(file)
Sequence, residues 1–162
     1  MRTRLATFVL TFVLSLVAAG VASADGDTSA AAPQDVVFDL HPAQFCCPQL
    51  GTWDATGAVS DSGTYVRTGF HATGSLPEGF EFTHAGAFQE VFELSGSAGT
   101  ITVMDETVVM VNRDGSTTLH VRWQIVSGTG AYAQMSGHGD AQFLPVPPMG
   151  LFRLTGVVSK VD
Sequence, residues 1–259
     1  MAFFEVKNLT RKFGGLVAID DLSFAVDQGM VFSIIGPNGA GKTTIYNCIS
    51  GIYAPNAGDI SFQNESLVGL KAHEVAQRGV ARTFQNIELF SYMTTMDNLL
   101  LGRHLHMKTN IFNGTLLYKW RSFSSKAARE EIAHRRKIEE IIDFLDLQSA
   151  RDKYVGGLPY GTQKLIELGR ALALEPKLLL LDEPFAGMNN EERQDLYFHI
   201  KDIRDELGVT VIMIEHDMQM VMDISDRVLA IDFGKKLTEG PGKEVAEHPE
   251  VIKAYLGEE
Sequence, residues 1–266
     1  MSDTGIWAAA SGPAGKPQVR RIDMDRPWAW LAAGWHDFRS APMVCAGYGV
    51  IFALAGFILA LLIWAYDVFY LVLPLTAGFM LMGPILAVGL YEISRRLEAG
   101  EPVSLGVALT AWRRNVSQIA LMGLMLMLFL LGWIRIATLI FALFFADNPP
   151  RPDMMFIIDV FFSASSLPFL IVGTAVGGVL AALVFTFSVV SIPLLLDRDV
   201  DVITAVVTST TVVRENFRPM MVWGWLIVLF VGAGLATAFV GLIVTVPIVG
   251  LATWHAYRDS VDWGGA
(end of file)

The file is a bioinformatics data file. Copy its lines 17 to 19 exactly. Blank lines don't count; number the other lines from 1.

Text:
   151  RPDMMFIIDV FFSASSLPFL IVGTAVGGVL AALVFTFSVV SIPLLLDRDV
   201  DVITAVVTST TVVRENFRPM MVWGWLIVLF VGAGLATAFV GLIVTVPIVG
   251  LATWHAYRDS VDWGGA